South American development bank prints $800 mln in three-year notes for an emergency loan program
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South American development bank CAF sold $800 million worth of three-year bonds on Thursday, raising money for its COVID-19 response as it underpins its countercyclical role in Latin America, according to a source involved in the deal.
CAF priced the new 2.375% 2023 notes at 99.779, or 220 basis points over mid-swaps, in line with the initial price talk and guidance, the source said. Barclays, Citi, HSBC and JPMorgan were the joint bookrunners, he added.
CAF said in a securities filing that it will use the money to finance part of a $2.5 billion emergency credit line that it approved in March. Eight member nations – Argentina, Bolivia, Colombia, Ecuador, Panama, Paraguay, Trinidad and Tobago and Uruguay – have accessed financing from the emergency line, according to CAF.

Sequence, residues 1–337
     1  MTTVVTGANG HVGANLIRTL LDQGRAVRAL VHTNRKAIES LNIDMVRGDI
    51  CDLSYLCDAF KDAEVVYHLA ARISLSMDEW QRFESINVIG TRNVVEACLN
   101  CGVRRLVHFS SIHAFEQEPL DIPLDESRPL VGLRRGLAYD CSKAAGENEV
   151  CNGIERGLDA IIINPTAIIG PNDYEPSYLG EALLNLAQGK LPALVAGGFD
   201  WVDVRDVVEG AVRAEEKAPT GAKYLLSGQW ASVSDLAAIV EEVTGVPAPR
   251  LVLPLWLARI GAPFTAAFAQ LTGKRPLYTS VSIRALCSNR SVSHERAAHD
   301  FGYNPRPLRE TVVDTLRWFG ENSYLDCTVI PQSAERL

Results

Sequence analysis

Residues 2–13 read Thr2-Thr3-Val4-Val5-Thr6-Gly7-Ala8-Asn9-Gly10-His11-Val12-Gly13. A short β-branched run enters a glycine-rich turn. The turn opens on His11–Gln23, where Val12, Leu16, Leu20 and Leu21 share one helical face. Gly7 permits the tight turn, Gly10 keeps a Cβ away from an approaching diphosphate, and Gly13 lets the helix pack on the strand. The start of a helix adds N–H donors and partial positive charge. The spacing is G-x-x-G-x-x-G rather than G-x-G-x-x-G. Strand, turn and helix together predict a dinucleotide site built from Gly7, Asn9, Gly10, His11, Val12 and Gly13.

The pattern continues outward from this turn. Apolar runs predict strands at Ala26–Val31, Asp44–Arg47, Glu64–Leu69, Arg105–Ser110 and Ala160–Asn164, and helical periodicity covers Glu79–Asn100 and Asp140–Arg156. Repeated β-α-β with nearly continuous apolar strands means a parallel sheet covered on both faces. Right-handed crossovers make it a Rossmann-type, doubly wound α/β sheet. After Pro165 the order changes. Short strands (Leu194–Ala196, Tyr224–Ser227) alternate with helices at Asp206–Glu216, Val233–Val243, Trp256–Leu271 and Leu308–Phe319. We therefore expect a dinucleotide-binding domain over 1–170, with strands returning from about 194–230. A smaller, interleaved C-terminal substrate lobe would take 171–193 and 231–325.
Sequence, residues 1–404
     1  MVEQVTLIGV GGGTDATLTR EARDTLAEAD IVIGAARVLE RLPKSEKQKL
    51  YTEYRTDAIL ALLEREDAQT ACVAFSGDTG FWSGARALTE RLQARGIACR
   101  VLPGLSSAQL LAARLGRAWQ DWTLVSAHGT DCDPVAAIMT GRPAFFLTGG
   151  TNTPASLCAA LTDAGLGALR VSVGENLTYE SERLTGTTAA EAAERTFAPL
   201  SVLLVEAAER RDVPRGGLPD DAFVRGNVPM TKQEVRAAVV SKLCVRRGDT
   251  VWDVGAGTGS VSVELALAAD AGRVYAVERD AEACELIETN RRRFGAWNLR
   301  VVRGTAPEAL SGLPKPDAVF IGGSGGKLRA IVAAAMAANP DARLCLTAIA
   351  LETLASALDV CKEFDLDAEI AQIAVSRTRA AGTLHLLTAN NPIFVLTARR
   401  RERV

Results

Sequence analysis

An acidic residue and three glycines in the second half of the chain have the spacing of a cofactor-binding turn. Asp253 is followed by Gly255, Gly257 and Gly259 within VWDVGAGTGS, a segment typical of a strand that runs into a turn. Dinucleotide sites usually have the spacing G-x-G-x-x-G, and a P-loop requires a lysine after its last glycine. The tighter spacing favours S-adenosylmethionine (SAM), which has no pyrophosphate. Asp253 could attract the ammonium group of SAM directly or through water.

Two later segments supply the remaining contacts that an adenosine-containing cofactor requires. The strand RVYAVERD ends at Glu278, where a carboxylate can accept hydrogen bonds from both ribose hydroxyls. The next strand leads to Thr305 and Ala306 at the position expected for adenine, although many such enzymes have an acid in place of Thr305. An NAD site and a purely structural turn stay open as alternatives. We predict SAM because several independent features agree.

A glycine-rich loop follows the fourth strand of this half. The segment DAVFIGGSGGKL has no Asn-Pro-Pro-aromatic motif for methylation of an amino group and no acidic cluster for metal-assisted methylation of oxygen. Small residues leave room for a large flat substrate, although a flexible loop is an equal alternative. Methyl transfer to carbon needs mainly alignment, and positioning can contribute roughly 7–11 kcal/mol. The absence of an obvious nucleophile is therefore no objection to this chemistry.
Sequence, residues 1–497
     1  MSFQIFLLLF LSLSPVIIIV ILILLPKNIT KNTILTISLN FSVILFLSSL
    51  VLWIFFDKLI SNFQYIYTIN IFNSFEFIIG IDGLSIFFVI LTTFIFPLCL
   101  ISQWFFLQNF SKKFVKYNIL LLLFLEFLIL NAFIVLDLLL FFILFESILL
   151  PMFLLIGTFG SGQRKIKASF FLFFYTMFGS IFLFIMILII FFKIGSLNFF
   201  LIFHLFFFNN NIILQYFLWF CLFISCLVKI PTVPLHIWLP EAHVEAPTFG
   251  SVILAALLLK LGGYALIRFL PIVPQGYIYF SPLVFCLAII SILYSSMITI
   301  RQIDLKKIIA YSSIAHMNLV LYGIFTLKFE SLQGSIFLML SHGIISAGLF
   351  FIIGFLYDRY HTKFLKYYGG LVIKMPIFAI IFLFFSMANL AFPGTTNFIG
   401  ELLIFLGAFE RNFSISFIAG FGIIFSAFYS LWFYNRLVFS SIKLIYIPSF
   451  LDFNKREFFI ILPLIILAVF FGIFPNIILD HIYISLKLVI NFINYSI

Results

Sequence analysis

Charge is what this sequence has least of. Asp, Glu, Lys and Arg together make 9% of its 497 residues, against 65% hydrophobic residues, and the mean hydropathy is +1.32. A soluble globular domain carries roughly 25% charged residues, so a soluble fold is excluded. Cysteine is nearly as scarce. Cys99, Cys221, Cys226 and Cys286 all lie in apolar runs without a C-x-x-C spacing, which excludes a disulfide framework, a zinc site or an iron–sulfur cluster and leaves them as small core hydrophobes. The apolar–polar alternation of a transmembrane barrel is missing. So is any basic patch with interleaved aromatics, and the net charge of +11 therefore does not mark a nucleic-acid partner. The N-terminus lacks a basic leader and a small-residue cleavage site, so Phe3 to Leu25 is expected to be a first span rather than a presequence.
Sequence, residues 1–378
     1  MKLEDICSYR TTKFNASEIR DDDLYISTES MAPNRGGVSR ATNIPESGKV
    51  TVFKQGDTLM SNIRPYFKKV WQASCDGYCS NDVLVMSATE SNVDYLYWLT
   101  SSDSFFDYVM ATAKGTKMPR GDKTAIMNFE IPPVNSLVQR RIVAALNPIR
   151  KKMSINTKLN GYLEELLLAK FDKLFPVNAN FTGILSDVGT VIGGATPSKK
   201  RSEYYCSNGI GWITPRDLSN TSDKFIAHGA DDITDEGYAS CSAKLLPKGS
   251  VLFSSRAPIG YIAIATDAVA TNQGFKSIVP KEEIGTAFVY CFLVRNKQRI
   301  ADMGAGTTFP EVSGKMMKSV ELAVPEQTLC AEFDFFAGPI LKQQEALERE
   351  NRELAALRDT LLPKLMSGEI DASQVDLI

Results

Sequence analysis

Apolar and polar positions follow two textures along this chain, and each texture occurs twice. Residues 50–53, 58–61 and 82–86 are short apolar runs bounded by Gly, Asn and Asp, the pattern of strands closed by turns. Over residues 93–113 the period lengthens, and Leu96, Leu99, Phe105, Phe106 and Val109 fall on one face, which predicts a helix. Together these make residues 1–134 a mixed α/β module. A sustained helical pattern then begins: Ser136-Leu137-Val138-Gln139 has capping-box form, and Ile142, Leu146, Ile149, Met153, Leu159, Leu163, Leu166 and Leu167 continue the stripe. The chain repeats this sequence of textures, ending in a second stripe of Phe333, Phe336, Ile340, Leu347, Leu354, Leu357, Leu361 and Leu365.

On Wednesday, for example, the bank said it granted a loan to Panama for up to $350 million to go along with a previously approved credit line for $50 million for the national healthcare system. It also said it approved $50 million for coronavirus relief in Uruguay on Tuesday and $50 million in Trinidad and Tobago last month.
CAF CFO Gabriel Felpeto said during a webinar in late April that multilateral institutions like CAF have to strengthen their countercyclical roles as preferred sources of funding for member countries during a crisis like the coronavirus pandemic.
In February last year, CAF sold $1.25 billion in dollar-denominated bonds with a coupon on 3.25%, following the sale of €750 million ($813 million) in five-year euro-denominated bonds the month before. Since then, however, Fitch Ratings downgraded CAF to A+ due to its exposure to Venezuela, Argentina and Bolivia.